The second crucial difference between the French and British counter terrorist agencies is the rate at which prosecutions and arrests take place. In France there is an incredibly close relationship between the courts and intelligence agencies, with one unnamed magistrate boasting that the magistrates and prosecuting intelligence officers often go jogging together in an informal display of cordiality that is forbidden in the UK court system. This direct link between the judges and prosecutors allows evidence to be shared much more quickly and easily between the DCRI and the courts, and means that the number of arrests and prosecutions on terrorist charges is greater in France than the UK. Furthermore, French law surrounding terrorism is far harsher than UK law. Current UK legislation was formulated in a post-IRA context, in which officials saw how the physical coercion and indiscriminate internment of suspects in Northern Ireland had actually alienated and provoked further attacks from the Catholic population; and decided to make current anti-terror measures more targeted and less harsh on suspects. Defendants would now typically be tried in normal court settings and in front of a jury, as opposed to being interrogated by the military.
In France however the state is free to arrest suspects indiscriminately, with mass arrests in Muslim neighbourhoods not uncommon, and the trials are set up especially for cases of suspected terrorism: juries are not always required and defendants can be prosecuted under the vague charge of ‘association’ (association de malfaiteurs), which allows for the prosecution of anyone connected to a potential terrorist network. This latter charge has been used for arrest and/or prosecution in the majority of terror cases and has come under fierce criticism from Human Rights Watch and the International Federation of Human Rights for the vagueness of its wording. As defence attorney Jean-Jacques de Felice put it ‘You are the cousin of the cousin of the cousin of someone who’s done something, so you are in an association de malfaiteurs. The concept is very vague. It’s the law itself that’s dangerous… [and] the defence becomes impossible.” Furthermore the security services have long had the power to deport convicted suspects before they have the right to appeal and put people under house arrest under suspicion of terrorist proclivities under what Human Rights Watch terms a ‘low threshold of proof’ and ‘unverifiable intelligence reports’. These powers have only grown post-Paris, as the entire country has been placed in a state of emergency until ISIL is defeated. This has made house arrest even easier to ordain and has granted Police the authority to raid homes, businesses and mosques without a warrant. This is not to say that there are no harsh measures in Britain: there are certain governmental detainment powers that have attracted a lot of criticism; but on the whole the judicial situation is more balanced and the harshest powers are seldom used.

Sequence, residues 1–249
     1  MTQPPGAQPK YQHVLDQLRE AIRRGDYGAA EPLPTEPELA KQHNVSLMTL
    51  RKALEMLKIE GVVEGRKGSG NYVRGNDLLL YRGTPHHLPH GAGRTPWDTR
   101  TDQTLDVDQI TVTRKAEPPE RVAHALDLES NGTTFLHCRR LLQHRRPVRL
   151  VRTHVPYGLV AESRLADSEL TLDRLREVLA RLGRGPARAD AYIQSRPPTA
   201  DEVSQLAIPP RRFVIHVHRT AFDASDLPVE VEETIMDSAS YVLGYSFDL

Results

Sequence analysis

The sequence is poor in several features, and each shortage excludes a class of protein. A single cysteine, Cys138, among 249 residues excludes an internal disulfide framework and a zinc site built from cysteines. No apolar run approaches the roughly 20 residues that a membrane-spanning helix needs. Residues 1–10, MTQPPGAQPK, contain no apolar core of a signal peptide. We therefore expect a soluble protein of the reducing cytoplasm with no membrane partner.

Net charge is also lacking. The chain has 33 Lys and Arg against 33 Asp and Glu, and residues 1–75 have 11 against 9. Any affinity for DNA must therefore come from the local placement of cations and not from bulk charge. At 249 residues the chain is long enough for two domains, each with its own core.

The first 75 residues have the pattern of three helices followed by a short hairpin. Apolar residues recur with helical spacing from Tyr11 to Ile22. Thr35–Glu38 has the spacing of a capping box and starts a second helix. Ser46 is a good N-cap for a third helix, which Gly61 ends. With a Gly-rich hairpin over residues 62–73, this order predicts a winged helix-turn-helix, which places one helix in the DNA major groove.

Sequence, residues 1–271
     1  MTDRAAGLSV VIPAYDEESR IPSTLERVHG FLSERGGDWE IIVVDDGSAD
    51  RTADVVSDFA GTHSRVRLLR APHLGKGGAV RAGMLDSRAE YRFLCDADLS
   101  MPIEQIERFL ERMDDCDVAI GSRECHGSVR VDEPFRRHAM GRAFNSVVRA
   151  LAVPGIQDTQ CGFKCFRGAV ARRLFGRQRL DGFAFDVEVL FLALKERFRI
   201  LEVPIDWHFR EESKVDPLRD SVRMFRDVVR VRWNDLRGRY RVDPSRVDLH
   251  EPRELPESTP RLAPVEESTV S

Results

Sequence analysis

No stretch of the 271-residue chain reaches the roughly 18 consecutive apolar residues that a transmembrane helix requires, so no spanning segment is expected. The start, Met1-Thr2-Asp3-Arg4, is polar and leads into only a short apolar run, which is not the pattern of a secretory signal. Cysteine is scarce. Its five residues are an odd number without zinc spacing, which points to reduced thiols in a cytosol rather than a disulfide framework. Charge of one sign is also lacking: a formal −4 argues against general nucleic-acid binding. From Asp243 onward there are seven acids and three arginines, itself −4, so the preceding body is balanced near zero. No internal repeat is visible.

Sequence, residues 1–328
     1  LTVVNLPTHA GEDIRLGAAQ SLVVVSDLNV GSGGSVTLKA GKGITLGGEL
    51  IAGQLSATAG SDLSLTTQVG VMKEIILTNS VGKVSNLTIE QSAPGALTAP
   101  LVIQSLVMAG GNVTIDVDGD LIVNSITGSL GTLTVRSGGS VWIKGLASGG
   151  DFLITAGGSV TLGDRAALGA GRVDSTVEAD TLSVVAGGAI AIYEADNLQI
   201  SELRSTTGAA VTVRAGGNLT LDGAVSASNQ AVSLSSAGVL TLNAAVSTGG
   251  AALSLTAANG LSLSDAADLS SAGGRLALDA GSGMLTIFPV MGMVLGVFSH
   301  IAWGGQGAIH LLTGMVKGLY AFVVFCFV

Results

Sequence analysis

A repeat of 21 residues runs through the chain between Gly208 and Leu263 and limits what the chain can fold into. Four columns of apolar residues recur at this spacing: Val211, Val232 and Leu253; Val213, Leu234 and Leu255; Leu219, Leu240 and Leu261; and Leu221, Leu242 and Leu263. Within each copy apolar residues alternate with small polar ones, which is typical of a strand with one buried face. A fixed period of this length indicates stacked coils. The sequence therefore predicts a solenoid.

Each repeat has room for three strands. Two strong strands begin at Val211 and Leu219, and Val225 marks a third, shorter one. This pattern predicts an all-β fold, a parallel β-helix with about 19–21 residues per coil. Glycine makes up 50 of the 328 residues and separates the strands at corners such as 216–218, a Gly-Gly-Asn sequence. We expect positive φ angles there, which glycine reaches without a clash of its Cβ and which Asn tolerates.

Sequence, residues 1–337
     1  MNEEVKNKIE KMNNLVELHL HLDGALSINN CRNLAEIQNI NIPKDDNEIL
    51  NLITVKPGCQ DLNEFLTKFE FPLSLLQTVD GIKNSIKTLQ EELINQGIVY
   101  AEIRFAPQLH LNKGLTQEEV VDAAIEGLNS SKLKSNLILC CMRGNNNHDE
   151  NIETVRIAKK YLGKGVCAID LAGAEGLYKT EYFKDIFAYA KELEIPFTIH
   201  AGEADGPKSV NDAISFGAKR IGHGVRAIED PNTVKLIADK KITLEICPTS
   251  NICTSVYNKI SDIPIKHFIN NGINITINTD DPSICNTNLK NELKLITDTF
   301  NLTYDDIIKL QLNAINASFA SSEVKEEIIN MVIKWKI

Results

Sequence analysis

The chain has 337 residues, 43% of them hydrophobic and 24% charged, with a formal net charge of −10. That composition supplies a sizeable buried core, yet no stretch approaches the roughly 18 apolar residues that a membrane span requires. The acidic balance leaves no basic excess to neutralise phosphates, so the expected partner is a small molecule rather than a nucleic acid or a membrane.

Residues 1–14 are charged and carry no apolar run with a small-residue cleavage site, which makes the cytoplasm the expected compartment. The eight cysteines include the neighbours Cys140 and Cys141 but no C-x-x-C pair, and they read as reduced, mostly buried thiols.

The picture that emerges is one of a more organisationally disjointed, but harder hitting counter-terrorism framework in France. As much as internal strife in its agencies can render its responses impotent at times, it carries out more arrests and hands out harsher sentences. On the surface this might seem a good thing, a strong deterrent to potential terrorists; but the reality is far more complex. We could suggest that such a response actually fuels radicalisation.
Muslim communities in the two countries
Radicalisation among Islamic extremists is a poorly understood phenomenon but the most comprehensive report on the matter is that of MI5’s behavioural science unit in the wake of 7/7. Surprisingly enough an individual’s level of education, economic situation, status of family/friend ties or even ethnic background were not significant predictors. The influence of radical preachers was also found to be diminutive and Ali Rattansi in his introduction to multiculturalism adds that terrorists are not more likely to come from ethnically segregated neighbourhoods than cohesive ones, putting flight to the common concern that British Muslims lead ‘parallel lives’ and are at risk of radicalisation via alienation. What did emerge is that terrorists are likely to be male, novices when it comes their religion; and accepting of the discourse of a civilizational war between the West and Islam. The last two of these reasons hold potential relevance when considered in relation to French counter-terrorist policy.